Success in turning away asylum seekers’ boats

Australia’s Operation Sovereign Borders, the policy of turning back the boats carrying asylum seekers has proven to be effective against people smuggling, at least, from the point of view of  Australia’s right-wing Coalition Government.

This explains why the government is unmoved by hunger strikes, self-harm, and suicide threats by detainees at the Manus Island Detention Centre in Papua New Guinea.

Human rights advocates have criticised the deplorable conditions of detainees. In Manus, two have been killed: Reza Berati, an Iranian, was murdered in February last year inside the facility, allegedly by members of staff who were supposedly keeping the detainees safe; and in September last year, Hamid Kehazaei, another Iranian,  died of a foot infection (septicaemia) due to apparent medical negligence.

Last week about 700 detainees launched another hunger strike drawing media attention worldwide. Desperate and hopeless, reports said they want to die. Some sewed their lips, ate razor blades, and attempted to hang themselves.

A detainee shows his lips in hunger strike. (Photo: Supplied)

A detainee shows his lips in hunger strike. (Photo: Supplied)

Abbott boasted the success of the operation 100 days after he took his oath of office despite criticisms from human rights advocates. His operation has also been causing strains on diplomatic relations with neighbouring Asian countries, including Indonesia, Malaysia, and India.

The Prime Minister claimed victory with his no-boat policy. He said he had stopped boat arrivals.

“We can say to all of the people who scoffed, we can say to all of the people who said it couldn’t be done … that it was just a simple slogan – that it can be done,” Abbott said.

The Liberal Party also posted on its Facebook page a statistic comparing the number of boat arrivals in 2013 before Abbott took office against 2014 figure after he took office.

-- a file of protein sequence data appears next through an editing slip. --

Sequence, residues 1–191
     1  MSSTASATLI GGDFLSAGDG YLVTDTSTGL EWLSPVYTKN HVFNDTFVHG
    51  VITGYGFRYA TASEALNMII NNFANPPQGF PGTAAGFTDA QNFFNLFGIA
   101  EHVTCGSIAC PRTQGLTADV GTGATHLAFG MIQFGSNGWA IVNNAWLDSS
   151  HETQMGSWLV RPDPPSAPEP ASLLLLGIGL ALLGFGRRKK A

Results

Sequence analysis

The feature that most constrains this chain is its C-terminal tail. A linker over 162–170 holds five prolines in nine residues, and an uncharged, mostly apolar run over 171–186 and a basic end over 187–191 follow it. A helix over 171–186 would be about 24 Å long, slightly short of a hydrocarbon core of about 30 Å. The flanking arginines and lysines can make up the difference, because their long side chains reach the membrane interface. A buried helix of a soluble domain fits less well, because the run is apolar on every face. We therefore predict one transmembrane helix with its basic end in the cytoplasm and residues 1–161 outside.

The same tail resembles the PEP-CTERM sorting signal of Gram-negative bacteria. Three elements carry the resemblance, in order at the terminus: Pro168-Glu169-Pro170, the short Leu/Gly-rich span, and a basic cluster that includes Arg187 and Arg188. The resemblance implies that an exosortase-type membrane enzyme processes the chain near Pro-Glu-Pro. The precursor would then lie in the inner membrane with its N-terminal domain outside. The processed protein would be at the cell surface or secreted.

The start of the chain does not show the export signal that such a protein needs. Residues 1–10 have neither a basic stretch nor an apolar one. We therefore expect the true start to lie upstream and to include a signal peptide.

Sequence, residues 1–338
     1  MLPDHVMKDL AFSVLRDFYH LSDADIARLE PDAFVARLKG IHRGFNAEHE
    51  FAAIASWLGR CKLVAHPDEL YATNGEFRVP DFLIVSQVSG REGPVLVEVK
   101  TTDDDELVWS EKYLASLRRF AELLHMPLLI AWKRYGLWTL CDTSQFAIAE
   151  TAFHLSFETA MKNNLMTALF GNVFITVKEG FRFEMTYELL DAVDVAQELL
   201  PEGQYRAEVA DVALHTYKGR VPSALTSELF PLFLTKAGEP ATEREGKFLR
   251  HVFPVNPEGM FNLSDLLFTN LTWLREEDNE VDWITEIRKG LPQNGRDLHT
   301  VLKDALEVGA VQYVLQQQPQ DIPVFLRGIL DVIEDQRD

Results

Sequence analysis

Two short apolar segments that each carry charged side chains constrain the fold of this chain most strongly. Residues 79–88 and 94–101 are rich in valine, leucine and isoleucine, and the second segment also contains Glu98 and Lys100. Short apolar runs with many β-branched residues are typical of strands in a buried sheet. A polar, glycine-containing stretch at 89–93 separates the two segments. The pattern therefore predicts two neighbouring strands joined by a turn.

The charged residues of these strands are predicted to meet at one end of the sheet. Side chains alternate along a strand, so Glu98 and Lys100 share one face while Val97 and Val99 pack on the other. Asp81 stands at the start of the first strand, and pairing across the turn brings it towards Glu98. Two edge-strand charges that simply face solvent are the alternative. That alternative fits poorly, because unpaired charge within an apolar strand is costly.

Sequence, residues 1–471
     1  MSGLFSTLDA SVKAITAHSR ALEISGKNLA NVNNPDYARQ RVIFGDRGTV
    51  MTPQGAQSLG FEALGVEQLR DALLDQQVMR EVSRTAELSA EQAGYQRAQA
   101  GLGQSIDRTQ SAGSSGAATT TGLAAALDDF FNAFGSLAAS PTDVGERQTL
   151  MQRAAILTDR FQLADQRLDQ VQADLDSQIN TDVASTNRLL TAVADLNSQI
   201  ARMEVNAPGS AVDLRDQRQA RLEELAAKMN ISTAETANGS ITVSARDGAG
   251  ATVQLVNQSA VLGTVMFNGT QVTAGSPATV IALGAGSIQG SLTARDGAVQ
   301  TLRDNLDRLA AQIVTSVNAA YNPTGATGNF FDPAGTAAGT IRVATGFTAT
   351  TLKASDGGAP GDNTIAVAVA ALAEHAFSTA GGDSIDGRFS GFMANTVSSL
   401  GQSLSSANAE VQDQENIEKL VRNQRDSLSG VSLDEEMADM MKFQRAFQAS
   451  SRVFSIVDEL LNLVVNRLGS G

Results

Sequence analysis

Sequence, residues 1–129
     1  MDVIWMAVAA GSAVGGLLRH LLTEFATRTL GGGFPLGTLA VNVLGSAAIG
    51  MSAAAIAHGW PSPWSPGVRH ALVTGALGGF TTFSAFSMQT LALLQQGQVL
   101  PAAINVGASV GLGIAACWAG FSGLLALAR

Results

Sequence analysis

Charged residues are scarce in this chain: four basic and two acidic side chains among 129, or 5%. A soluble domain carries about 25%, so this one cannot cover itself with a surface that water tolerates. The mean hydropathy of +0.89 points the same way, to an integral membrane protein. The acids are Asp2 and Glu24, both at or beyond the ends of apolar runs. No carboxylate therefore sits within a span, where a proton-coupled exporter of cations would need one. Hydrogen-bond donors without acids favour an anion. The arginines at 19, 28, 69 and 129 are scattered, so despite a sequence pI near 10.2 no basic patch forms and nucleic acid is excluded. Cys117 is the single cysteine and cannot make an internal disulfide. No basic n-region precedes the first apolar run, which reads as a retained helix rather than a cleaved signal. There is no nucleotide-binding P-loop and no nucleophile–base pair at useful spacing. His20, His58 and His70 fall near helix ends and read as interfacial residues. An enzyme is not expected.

coalition-policy

Labor MPs are now seeking to unwind the Abbott Government’s successful border protection strategies that are stopping the boats.

SHARE if you think Labor should learn from their mistakes on border security.

Liberal supporters making comments on the post said asylum seekers are economic refugees who paid people smugglers to bring them to Australia by boat. They accused asylum seekersof being parasites looking for dole outs from the government. One supporter commented:

Most people I see on here who oppose what the libs have done with border control need to get out in the real world! Most of these people are economic refuges looking for had outs from our goverment… Anybody that does not believe there are no sleeper terrorist among these people, I have some fairies in my garden I want to sell you.Well done Morrison these people have no idea the great job you have done!

Dumping Ground

The Coalition government  can only reiterate that Manus detention centre was inherited from the previous Labor government of Kevin Rudd and Julia Gillard.

Various dumping grounds have been considered since Abbott rose to power, including non-signatories to the UN Convention on Refugees, like Cambodia.